Strongly reminiscent of Lindsay Anderson's 'If...' ( 1968 ), this darkly comic film has not been on television in years nor available on D.V.D. or Blu-Ray. It deserves to be better known. The cabal of Lower Five B are thoroughly evil, basically Malcolm McDowell's 'A Clockwork Orange' gang in blazers. Ebony is so terrified of them he even has a weird nightmare in which he is stripped naked in a forest and carried aloft. But the scene which disturbs the most is Silvia trapped by a gym, and the boys calmly announcing their intention to gang-bang her.
The cast are good, particularly Hemmings - who also produced - and Seymour. Amongst the boys are Michael Kitchen, Tom Owen ( son of Bill ), Michael Cashman, and James Wardroper. Other familiar faces are Tony Haygarth, Barbara Lott, Donald Gee, and Hamilton Dyce.
The revelation at the end may strike some as contrived, but I have noticed that teenage gangs often tend to be led by the unlikeliest candidates, so maybe its not so contrived after all.
'Zigo', incidentally, does not appear even though his name is in the title. We are told he is in Jamaica recuperating from an illness. Being amongst this lot would make anyone sick. In an amusing touch, he is listed in the closing credits as 'Zigo...Absent'!
I came across this obscure and barely released film by chance,intrigued
by it's synopsis. And like it happens with every buried treasure it was
a revelation. Director John McKenzie, and cinematographer Geoffrey
Unsworth, skilfully made this film into a close knit mystery with a bit
of a disappointing ending which doesn't hurt the overall impression.
David Hammings is a new teacher at a boarding school who gets to teach a class from hell. Not by violence, but by sinister mind games,and subtle or not so subtle threats, they creep him into playing their game. What will happen is there to be seen. There is no need to explain why they are so twisted, there can be many reasons, and the boarding school system with it's rigid rules can be one of them, but than again, it may not be.This movie is not on DVD and it probably will never be, but mystery film buffs, if you come across this gem, be sure not to miss it.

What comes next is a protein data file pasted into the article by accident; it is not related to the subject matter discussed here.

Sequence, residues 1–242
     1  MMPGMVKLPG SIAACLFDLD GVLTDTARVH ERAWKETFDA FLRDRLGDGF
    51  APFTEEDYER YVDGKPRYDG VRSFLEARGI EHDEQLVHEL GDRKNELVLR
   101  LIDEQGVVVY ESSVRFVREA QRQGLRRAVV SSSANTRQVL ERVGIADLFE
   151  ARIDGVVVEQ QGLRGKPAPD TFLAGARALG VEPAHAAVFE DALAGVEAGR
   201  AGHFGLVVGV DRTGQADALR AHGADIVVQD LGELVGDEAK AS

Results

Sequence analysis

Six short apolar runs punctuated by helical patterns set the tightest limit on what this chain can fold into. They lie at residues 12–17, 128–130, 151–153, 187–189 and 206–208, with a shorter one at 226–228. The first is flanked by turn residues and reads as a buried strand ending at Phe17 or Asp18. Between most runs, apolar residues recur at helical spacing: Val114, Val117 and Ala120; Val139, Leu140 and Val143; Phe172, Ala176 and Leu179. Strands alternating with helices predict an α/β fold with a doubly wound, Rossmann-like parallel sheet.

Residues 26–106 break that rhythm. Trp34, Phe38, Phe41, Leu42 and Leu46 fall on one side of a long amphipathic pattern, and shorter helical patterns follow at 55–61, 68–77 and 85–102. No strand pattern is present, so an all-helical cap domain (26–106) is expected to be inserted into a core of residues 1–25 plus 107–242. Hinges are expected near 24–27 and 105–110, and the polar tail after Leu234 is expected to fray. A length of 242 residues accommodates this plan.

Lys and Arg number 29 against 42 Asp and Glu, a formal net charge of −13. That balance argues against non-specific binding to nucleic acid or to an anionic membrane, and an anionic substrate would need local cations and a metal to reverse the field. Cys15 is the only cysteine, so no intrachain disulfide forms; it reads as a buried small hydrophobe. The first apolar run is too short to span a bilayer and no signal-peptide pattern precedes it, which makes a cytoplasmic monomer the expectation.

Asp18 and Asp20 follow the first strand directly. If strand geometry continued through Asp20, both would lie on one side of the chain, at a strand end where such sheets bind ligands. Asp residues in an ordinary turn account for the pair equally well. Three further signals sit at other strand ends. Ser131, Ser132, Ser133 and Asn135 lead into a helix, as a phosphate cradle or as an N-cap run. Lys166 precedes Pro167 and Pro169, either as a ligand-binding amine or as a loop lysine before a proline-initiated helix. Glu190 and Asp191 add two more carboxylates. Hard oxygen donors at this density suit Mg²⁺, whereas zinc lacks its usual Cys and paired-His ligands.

This is an absolute gem, and why this masterful chiller remains so obscure is beyond me! 'Unmann Wittering & Zigo' is masterfully directed by John Mackenzie, with truly chilling performances from a sublime young cast and yet another stand-out performance from the ever-genius David Hemmings. This profoundly disturbing film can sit quite uncomfortably alongside 'village of the damned' & 'the wicker man' as one of British cinema's all-time great horror films. A razor-edged shocker with a palpably disturbing atmosphere; as this genuinely creepy film unfolds, director, Mackenzie ratchets up the penetrating unease with consummate skill; including a number of genuinely terrifying sequences (The ICA or NFT really should give this masterpiece a screening) Highly recommended.
I have been scratching my head for years trying to remember the name of
this brilliant film and now I have found it. It definitely deserves
another outing, I saw it years ago, it scared me witless then but I
would love to see it again.
It reminded my of my days at boarding school although thankfully not quite so gruesome.
The pace of the terror is kept up throughout the film and I have kept an eye out for it hoping that one day it will be shown again.
It has not happened yet but maybe one day someone will dig it out of the vaults dust it off and give it another showing. It is an extremely well made film.
Very well worth watching and I give it my own rating of 100 out 10 !!! It has been made the way "terror films" ought to be made, in the style of "Hammer Films" and "House Of Horror".
Incidentally Roy Skeggs, who produced the "Hammer House of Horror" films in the 1980's later went on to buy the remains of the original defunct production company.